- A true Alberta Rocky Mountain hidden gem!
- A great alternative to the often busy National Parks.
- Be prepared to rough it a bit, this area doesn’t have many services.
David Thompson Country is a collection of 20+ provincial parks and recreation areas along highway #11, off the Banff-Jasper Icefields Parkway, Highway #93. The area is vast and feels far less crowded than the more popular Banff and Jasper National Parks next door. The corridor includes the ecologically sensitive Kootenay Plains, some awesome waterfalls, empty roads and loads of camping options.
You can access David Thompson Country from the west, off Highway #93 at Saskatchewen Crossing, at the expensive, but sometimes very much needed gas station the Banff end of the Icefields Parkway. People who love Banff and Jasper will often drive right by this turning without wondering… “what’s down that road anyway?” We certainly did! If you are approaching from the east, you access Highway #11 at Rocky Mountain House. Make sure you stop at Nordegg along the way.
The Kootenay Plains are protected for two reasons, the plains are both an Ecological Reserve and an Aboriginal grave site. This sub-region of the Rockies is home to many rare and uncommon plants, including unique grasslands, and plants like the Wavy Moonwart and Boreal Indian Paintbrush.
A lovely, easy hike in the Kootenay Plains area, this 5 km hike takes you into the backcountry to Siffleur Falls. The hike starts a short distance west of Two O’Clock Creek campground. The trail leads you across a vast open area, to a long narrow suspension bridge over the North Saskatchewan River. After the bridge wooden boardwalks help protect this sensitive ecological area. A second bridge, this time crossing the Siffleur River, takes you into the gorge towards falls. Be aware that there are some dangerous cliff edges along the way. Take care at the waterfall, tragically several people and dogs have lost their lives here. The trail continues passed the first set of falls to a second (2.5 km further) and third set of waterfalls (1.5 km further).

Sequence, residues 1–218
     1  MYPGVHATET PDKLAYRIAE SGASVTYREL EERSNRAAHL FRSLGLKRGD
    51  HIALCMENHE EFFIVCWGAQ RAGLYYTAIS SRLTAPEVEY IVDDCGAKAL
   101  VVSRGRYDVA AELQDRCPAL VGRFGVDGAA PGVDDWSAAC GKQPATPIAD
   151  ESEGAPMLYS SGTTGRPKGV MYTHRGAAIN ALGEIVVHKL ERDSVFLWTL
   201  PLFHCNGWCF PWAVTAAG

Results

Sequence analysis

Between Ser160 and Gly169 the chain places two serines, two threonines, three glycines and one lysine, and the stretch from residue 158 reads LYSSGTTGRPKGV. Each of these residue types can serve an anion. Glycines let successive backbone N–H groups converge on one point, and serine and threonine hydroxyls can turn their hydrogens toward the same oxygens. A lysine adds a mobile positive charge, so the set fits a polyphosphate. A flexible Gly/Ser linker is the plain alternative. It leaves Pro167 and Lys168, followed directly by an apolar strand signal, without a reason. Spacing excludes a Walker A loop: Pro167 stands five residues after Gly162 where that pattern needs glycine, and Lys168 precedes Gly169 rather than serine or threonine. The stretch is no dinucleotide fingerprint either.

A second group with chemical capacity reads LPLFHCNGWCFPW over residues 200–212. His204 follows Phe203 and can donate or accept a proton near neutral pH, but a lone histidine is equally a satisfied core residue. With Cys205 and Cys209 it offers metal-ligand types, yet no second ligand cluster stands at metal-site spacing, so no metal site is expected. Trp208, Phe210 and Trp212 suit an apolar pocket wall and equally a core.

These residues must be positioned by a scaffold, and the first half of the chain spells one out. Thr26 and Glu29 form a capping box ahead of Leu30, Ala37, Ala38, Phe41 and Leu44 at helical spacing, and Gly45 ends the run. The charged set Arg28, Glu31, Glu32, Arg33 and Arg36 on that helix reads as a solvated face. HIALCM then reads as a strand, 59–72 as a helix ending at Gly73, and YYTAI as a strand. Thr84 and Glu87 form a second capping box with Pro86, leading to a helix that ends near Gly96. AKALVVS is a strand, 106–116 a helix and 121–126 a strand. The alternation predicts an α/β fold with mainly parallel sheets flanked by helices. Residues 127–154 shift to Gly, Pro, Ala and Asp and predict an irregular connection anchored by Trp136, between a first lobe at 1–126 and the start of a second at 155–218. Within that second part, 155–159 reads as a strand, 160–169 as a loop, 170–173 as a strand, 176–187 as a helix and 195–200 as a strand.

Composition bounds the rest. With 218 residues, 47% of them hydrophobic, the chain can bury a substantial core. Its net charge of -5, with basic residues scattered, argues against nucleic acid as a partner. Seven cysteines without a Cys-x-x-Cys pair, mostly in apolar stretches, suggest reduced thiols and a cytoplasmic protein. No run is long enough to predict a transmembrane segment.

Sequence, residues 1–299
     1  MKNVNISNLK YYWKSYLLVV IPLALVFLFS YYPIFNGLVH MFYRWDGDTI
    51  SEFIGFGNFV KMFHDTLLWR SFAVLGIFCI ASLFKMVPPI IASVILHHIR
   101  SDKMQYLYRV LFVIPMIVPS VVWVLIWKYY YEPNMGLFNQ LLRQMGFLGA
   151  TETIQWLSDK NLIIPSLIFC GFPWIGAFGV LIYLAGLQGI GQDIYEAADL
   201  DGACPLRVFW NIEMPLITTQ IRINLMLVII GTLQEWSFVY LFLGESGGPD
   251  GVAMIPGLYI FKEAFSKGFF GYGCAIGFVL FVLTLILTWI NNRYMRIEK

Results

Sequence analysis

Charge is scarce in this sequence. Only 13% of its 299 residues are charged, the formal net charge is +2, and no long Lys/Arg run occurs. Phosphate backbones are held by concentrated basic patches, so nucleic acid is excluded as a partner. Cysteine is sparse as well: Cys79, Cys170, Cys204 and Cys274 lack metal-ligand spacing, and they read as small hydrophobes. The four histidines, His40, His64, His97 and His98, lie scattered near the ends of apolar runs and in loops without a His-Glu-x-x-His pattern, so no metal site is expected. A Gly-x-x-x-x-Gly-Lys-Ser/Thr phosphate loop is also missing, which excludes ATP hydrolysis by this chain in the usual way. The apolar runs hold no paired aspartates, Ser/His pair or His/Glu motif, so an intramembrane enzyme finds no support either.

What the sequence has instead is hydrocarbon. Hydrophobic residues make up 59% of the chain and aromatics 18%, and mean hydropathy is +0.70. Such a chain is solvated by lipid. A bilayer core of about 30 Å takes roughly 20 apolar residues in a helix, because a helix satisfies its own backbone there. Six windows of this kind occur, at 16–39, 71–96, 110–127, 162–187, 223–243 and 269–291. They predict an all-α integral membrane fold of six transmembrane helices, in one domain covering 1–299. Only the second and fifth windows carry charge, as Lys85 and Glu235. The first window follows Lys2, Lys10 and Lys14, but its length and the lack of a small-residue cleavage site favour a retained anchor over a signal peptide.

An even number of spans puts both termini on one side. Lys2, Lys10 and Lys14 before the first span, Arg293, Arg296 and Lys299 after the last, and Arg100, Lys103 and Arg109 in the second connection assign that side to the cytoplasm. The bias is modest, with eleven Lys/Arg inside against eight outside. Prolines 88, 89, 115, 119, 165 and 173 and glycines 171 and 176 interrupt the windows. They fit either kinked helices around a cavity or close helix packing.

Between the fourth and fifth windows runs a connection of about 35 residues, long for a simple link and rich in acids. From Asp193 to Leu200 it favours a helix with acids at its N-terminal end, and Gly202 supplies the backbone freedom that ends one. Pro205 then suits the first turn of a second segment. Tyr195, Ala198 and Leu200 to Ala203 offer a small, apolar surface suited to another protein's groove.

Some of the best sights along the David Thompson Corridor are off Highway #11, down pot-holed, gravel, dirt ‘roads’. The easiest one to access is Crescent Falls, at a mere 3 km of rough track. The waterfalls are a short walk from the parking area, and they are truly spectacular! We spent many years living in BC where we were spoilt by stunning waterfalls, but Crescent Falls really impressed us. Not only are they gorgeous falls to view but you can also fairly easily access the bottom of the first waterfall, a really unique experience.
Please note – access to the campground here is insane. Do not attempt in a campervan or any long vehicle, be smart and park at the big lot at the top. Once you go down the hill you will instantly regret doing so. We did!!! Learn from our mistakes.
Nordegg, Alberta is a cute little hamlet of 200 people, 100 km east of the Saskatchewan Crossing turnoff. The hamlet offers a few hotels, cafés, shops, a post office and beer cabin. Nordegg is also considered a ‘Ghost Town’. Home to Brazeau Colliers, once a booming coal mine, at its peak this area was home to over 2,500 people. Please note that the ‘Ghost Town’ mine site area is only accessible by guided tour, offered through the museum on weekends and holidays.